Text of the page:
Why are some upland farms more financially resilient than others?

Andrew Barnes in our team has collected financial data from upland farms with a view to identifying characteristics of disadvantage that make farms more or less vulnerable. The findings are fascinating, if in some ways counter-intuitive.

The good news is that some farms, even in remote and otherwise disadvantaged areas, are able to survive, if not thrive.

What did Andrew and his team do?

They collected Farm Business Survey Data from Scotland (a similar exercise is being repeated with English data) during the period 2003 to 2016, and extracted just the farms which had Less Favoured Areas (LFA) land and specialised in beef and sheep production – close to 300 farms per year. They then examined the farm family income (which is the return to all unpaid labour used on the farm) and related this to the minimum agricultural wage. They then identified five different groups based on their business’ viability. The proportion of the sample that fell into each viability category is detailed in the table below for the 2003-2009 and 2010-2016 periods.

2003-2009 2010-2016
Vulnerable farms that do not meet the minimum wage threshold and do not have any off-farm income 37% 28%
Sustainable farms that do not meet the minimum wage threshold but have at least 50% off-farm income 6%, 6%
Viable farms where the hourly farm income less costs of own capital (including land) is greater than the minimum wage 34%, 29%
Resilient farms are viable farms that maintain this status for three years or more 21% 28%
Robust farms, those viable farms that are still viable for at least three years if 50% of the subsidy is removed 3% 8%

Not surprisingly, these data suggest that many farms in Less Favoured Areas (upland farms by implication) struggle for financial resilience.

What did Andrew and his team learn about resilience of farms from this study?

Firstly, tenanted farms were more viable than owner-occupied farms. Other research evidence suggests this is because tenanted farms are more flexible and the external demands of tenancies drive tenanted farms to be more efficient.

Secondly, most of these farms are family farms, and where a succession plan is in place it appears to lead to greater business viability. Similarly (and in contrast to some other research data), in situations where the farmer is due to retire, business viability tends to be maintained, perhaps sustaining asset value for future sale.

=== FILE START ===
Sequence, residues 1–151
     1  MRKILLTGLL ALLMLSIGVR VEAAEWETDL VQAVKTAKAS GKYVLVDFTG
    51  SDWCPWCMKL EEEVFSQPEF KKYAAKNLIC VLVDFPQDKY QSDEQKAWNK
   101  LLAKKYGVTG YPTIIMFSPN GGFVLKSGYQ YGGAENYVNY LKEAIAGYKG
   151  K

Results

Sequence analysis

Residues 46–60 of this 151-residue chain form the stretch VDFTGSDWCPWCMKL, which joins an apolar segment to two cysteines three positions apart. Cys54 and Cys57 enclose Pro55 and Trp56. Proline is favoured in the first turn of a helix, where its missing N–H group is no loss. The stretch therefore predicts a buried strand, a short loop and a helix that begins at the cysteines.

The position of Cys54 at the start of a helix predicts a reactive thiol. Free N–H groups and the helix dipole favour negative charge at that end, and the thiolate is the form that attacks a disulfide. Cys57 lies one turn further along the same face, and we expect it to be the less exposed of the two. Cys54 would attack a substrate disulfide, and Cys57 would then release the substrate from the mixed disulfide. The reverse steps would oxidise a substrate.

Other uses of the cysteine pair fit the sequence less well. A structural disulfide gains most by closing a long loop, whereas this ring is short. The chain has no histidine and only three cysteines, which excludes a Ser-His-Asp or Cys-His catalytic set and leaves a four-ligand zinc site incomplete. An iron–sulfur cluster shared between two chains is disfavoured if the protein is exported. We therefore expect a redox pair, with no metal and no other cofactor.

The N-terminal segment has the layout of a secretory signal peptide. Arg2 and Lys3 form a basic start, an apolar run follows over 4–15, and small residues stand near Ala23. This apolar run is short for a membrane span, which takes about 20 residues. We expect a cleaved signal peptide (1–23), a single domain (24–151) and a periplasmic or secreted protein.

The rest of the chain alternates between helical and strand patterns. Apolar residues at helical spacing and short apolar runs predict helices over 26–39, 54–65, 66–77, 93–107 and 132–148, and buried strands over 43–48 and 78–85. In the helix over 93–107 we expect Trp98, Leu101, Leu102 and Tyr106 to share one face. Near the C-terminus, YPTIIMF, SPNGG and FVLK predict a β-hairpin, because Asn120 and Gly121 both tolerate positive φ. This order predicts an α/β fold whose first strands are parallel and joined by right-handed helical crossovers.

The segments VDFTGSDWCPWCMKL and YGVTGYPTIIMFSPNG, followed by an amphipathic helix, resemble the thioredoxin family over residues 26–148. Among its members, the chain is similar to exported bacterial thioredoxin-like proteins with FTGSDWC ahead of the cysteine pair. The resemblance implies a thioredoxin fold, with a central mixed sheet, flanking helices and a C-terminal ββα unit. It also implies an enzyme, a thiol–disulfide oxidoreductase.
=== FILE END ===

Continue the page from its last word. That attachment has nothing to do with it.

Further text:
Thirdly, specialised farms, with a narrow range of activities (90% or more of their income from one farming enterprise) are more vulnerable. This suggests that business viability of upland farms can be improved through enterprise diversification to manage income streams.

Fourthly, farms with a larger proportion of poor quality land (i.e. rough grazing) are more likely to have vulnerable businesses. This does not mean, of course, that the land is not producing other ecological benefits. On its own, indicators of remoteness (distance to urban centres) were not a useful indicator of business viability – but when mixed with other disadvantage indicators it helped explain some of the variation in viability status. It was also apparent that within each of the classes of remoteness and agricultural land capability, there was considerable variation between farms, suggesting that some businesses are better able to overcome the disadvantages than others.

Government support for farming in upland areas is often argued for on the basis of; the positive ecosystem services provided by extensive grazing systems, to reduce the abandonment of High Nature Value land by providing employment opportunities, and providing income support to compensate for the biophysical disadvantages suffered in these areas. In other words, to provide some grounds for economic stability for farms that implicitly manage important environmental systems. The proposed changes to agricultural policy rationale away from income support towards greater ‘public money for public goods’ to reward good environmental stewardship may miss a trick with respect to these LFA areas.  Payment for public goods would still not compensate for the disadvantages experienced by these farms, and may not prevent land abandonment, with environmental and social consequences. Perhaps this is something that could be taken into account in the current debate over how apportioning the convergence monies recently allocated to Scotland by the UK Government.

Ann Bruce, Andrew Barnes, Steven Thomson 14/10/19

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